Instead, the right-hander misplayed the ball, then threw it away trying to get the lead runner at home, allowing a second run to score. The result: two errors for Tazawa and two runs for the Angels to extend their lead to 4-1 in an eventual 4-2 win Monday night.

“It was an in-between play. I was thinking of going to the backhand or just go with the front and I was caught in between,” Tazawa said through an interpreter. “If I had knocked it down straightforward I would’ve had a better shot. It rolled to the third-base side so that made it a little bit difficult, but I should’ve made that play.”

Even without the errors, it was another tough outing for Tazawa, continuing what have been regular occurrences as of late. He gave up a leadoff walk to Chris Iannetta, a double to deep center to Kole Calhoun and loaded the bases by intentionally walking Albert Pujols.

Tazawa has been one of the Sox’ most reliable relief pitchers in the last two seasons, posting a 3.18 ERA in 119 innings since the start of 2013. But his recent struggles have made it natural to suggest that his workload might be catching up to him in the last two months. He has a 5.29 ERA since July and has put runners on base in 13 of his 21 appearances in that time, leaving himself in a number of difficult spots. 

Tazawa, however, said the struggles have been a result of mental fatigue more so than physical.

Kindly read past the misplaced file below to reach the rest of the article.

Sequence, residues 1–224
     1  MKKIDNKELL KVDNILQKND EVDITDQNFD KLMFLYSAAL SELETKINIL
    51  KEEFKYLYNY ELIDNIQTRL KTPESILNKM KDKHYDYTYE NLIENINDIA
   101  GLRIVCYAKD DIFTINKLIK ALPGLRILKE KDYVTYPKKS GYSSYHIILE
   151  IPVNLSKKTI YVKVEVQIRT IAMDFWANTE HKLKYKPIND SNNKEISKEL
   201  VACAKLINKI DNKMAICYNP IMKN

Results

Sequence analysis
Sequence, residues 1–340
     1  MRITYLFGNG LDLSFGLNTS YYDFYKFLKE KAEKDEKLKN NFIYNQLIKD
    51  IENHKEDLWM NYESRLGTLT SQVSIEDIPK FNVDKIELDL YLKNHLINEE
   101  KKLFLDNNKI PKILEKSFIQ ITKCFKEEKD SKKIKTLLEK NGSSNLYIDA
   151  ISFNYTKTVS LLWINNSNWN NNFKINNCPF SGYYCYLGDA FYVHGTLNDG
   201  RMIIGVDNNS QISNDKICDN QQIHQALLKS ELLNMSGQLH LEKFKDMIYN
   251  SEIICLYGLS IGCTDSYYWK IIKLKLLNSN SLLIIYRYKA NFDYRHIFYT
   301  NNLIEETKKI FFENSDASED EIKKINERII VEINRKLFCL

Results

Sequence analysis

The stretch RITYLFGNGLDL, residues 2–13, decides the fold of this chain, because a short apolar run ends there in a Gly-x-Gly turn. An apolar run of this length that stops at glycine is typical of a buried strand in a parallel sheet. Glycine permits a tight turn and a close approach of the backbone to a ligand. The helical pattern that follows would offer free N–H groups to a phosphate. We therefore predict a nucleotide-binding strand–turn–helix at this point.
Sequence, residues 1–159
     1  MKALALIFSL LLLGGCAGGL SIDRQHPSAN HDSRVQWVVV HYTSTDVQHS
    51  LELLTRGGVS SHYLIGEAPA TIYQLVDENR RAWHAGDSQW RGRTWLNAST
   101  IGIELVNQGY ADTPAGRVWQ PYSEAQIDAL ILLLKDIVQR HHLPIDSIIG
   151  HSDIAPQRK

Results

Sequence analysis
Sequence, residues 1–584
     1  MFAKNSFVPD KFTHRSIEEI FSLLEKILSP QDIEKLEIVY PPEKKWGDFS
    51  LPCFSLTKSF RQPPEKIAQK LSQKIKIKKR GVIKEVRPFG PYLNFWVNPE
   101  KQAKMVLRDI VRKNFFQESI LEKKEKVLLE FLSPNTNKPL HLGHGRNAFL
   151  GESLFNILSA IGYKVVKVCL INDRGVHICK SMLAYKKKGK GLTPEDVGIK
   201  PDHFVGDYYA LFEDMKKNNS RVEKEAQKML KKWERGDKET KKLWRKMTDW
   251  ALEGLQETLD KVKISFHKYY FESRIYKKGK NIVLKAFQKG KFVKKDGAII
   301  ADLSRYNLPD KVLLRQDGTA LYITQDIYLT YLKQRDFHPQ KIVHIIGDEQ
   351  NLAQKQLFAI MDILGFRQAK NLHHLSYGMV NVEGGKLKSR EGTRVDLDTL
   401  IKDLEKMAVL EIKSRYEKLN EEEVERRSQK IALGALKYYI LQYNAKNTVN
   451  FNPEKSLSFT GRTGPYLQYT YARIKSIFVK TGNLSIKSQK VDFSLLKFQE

“I don’t feel different physically compared to last year,” he said. “It’s probably a more mental thing, giving up unlucky hits here and there. But I still appreciate the team using me in an important role so I try to do my best.”

He added: “I try not to have it affect my pitching negatively. I think if I’m aggressive against the hitters those kinds of hits will be caught so I just want to be more aggressive and attack the strike zone.”

Tazawa said more hitters are being aggressive against him to prevent him from throwing his splitter, something he’s counteracted with an increased use of sliders and curveballs.

“I think that’s something I have to adapt to but I think I have the weapons,” he said.

Now Tazawa just needs the type of results that made him so reliable a year ago.

Blog Author: 
Nick Canelas

The Red Sox skipped starter Brandon Workman‘s turn in the rotation last Wednesday in hopes that he would be rested, stronger and ready to snap his five-start losing streak.

Mike Trout had a pair of hits, scoring one run and driving in another, to lead the Angels past the Red Sox. (Getty Images)

Mike Trout had a pair of hits, scoring one run and driving in another, to lead the Angels past the Red Sox. (Getty Images)

The Red Sox skipped starter Brandon Workman‘s turn in the rotation last Wednesday in hopes that he would be rested, stronger and ready to snap his five-start losing streak.

The right-hander did his part Monday night,allowing just two runs on six hits over seven innings. It was the Sox’ offense that missed out on their opportunities in a 4-2 loss to the Angels, spoiling an effective outing from Workman.

The Red Sox had little trouble getting on base, but were seemingly incapable of pushing those runners across. The Sox had base runners in all but one inning and got six into scoring position, but scored just twice and stranded 12.